Prayer from the Psalms.
Tuesday September 20, 2022
Prayer is both a communication and an encounter with God concerning many things. The Psalms help us to see the great variety of types of prayer. Today we’re only going to look at two types in the Psalms. I just want you to start exploring your own prayers based on the Psalms.
Prayer is a calm contemplation of God, a wonderful understanding and thankfulness for God’s glory and love, intercession for the needs of others and for our own, petition for common things, assurance of God’s providence and love, and at times an ecstatic experience. There are even more categories than these.
Prayer is searching. God seems illusive at times, but He’s omnipresent and always working for our good.
Our communication with God, both directions, is based on the truth contained in His word, and nothing outside of that.
Prayer is intelligent, based on God’s revealed Word.
When the disciples asked Jesus how to pray, He didn’t tell them that it was some feeling, He gave them actual words. He told them to first know God as Father, the reality of which could only be through the death, burial, and resurrection of Christ. He then told us to honor the Father as holy which includes the desire for His holiness in our own lives and in the lives of our neighbors. He then told us to desire the coming of His kingdom, living as members of it, and then to desire to execute the Father’s will, which constitutes the law of the kingdom and its way.
When they asked Him how to pray, He also didn’t tell them that it was a search for certain emotions or waiting to hear something from God. Prayer is us talking to the Father, first praising Him and secondly asking for ourselves. Of course, we can experience wonderful times in silence with God, but we find that eventually we will speak with Him, even if it is only thanksgiving.
These exact words referred to certain truths. We are going to see them in detail soon. You will find that anything you ask of the Father, which is according to His will, fits perfectly into the framework of the Lord’s prayer.
Essentials of prayer: 1) theological, 2) experiential, 3) methodological.
Our theology has to be right. The Catholic view is that the Spirit speaks through the church rather than the Word. The Anabaptist view (later Quaker) is that the Spirit gives individuals new revelations beyond the Scripture. Both ruin the idea of prayer as part of a dialogue with God through the Word.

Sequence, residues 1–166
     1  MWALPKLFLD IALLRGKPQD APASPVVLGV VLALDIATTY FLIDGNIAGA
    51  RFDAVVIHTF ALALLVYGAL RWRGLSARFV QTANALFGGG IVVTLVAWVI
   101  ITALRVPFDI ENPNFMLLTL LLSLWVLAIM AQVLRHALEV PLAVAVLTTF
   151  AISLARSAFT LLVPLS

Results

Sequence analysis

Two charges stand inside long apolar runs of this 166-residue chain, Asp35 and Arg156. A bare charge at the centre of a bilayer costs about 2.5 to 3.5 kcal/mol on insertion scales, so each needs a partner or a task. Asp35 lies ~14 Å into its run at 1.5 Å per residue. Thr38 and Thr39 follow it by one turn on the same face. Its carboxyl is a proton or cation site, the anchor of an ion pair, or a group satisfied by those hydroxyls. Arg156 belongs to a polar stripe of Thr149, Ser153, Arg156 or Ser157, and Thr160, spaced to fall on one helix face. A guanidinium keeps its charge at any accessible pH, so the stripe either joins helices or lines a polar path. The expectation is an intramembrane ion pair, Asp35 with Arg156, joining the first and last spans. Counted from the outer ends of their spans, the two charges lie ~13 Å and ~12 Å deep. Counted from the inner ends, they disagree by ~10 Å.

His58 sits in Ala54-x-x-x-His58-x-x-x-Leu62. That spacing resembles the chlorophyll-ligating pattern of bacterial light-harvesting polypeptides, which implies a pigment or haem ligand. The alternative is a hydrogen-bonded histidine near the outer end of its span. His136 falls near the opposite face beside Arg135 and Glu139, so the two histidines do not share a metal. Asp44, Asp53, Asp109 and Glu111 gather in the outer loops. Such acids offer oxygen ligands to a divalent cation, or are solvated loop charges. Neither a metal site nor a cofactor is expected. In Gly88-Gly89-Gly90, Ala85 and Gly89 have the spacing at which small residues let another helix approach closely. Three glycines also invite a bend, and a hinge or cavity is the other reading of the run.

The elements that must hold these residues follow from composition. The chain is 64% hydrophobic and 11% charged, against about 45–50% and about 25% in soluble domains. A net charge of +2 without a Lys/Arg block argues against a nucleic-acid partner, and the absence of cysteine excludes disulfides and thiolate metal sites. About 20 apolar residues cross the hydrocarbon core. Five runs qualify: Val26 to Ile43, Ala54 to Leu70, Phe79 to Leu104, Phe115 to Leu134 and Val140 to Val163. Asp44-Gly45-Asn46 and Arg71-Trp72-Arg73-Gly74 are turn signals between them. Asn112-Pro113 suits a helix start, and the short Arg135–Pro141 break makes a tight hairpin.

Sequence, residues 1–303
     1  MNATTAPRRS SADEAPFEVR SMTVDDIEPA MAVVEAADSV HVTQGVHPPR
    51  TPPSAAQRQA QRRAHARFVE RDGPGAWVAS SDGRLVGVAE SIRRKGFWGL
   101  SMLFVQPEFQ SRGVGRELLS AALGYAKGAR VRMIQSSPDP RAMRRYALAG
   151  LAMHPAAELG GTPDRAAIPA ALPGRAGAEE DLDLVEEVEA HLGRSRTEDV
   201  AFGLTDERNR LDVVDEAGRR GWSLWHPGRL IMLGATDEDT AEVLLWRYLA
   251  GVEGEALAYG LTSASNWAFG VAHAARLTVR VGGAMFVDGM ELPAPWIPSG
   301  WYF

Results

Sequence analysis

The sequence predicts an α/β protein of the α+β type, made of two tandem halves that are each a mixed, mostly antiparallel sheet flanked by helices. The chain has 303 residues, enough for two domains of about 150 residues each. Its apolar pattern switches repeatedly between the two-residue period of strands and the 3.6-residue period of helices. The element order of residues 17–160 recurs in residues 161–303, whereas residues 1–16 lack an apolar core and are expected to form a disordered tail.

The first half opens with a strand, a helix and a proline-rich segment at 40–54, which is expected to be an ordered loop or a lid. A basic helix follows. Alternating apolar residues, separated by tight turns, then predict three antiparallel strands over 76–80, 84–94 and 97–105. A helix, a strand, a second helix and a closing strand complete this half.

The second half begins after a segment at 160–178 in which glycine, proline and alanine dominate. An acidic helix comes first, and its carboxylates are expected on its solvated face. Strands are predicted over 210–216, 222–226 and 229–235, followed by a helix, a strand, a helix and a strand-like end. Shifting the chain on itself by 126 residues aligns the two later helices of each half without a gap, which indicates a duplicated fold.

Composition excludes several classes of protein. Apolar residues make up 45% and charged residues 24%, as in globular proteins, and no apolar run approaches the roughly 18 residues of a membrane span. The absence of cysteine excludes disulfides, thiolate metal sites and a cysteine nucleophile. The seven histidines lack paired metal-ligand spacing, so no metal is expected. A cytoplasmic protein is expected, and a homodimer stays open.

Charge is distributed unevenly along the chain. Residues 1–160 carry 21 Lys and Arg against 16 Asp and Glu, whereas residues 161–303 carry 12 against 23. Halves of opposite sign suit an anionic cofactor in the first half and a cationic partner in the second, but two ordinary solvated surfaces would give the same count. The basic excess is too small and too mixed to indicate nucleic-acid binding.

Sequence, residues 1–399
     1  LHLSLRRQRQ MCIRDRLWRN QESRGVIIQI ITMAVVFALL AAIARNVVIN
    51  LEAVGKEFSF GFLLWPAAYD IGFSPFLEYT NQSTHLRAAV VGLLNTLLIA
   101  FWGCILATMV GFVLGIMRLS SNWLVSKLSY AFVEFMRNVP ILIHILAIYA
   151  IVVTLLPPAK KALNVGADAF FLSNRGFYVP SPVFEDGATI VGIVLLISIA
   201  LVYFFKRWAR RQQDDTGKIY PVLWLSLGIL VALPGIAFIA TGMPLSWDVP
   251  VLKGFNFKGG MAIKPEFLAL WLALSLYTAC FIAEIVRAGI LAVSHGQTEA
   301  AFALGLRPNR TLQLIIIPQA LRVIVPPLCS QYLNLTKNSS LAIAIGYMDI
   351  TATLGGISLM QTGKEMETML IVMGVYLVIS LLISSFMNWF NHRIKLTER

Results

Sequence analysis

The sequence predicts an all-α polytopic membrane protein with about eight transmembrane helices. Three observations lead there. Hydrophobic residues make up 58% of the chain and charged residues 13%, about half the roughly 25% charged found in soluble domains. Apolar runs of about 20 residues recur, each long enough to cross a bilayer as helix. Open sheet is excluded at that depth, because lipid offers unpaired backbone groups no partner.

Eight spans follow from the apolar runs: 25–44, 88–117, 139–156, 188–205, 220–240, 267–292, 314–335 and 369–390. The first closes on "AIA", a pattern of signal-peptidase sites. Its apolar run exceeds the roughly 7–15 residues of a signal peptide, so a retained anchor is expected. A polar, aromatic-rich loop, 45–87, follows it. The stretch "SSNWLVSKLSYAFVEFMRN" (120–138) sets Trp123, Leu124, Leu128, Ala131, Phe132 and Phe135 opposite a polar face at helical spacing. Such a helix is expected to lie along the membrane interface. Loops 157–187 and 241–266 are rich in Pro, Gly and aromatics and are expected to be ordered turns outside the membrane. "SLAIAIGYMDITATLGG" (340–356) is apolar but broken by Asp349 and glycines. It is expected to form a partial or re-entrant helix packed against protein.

Prayer is a dialogue with God through His Word.
Having our theology correct will lead us to pray for correct things. Theology is the categorization of God’s word, which naturally gives itself to these categories. The doctrines of God, divine decree, angels, men, sin, redemption, etc. all have important places and must be correct according to the Scriptures. Within these doctrines is the will of God and also our proper prayers.
Still, we often don’t know exactly what to pray for, and we get help, not only from the Holy Spirit but from the Lord’s prayer (a later topic) and the Lord’s prayer book. We have the Lord’s prayer as a framework. On top of that, the Psalms is the Bible’s prayer book and we will find every kind of legitimate prayer in it. We will look into this specifically.
Should we pray for the kingdom of God on earth? What we mean by this is that we pray for the law of God to be adhered to in Washington, in our state and local governments, in our communities, schools, our families and our own lives. Yes.
We also pray as a means of personal communication with God in which we’re not specifically after any particular petition.
Communion and Kingdom in the Psalms.
Psa 27, 63, 84, 131, 146-150 depict adoring communion with God.
One thing I have asked from the Lord, that I shall seek:
That I may dwell in the house of the Lord all the days of my life,
To behold the beauty of the Lord,
And to meditate in His temple.
Notice what David is seeking in this prayer – “to gaze on the beauty of the Lord.” He prays for other things of course, but he means in these prayers to see God and be satisfied by God.
So, how do we do this? This is what you should explore. There is no hard and fast rule. You could read it word for word with God, contemplating and sharing its meaning. You could grasp the meaning and then speak with God about yourself or others in light of it. Grasp the truth and then start talking to God about it and see where the conversation goes.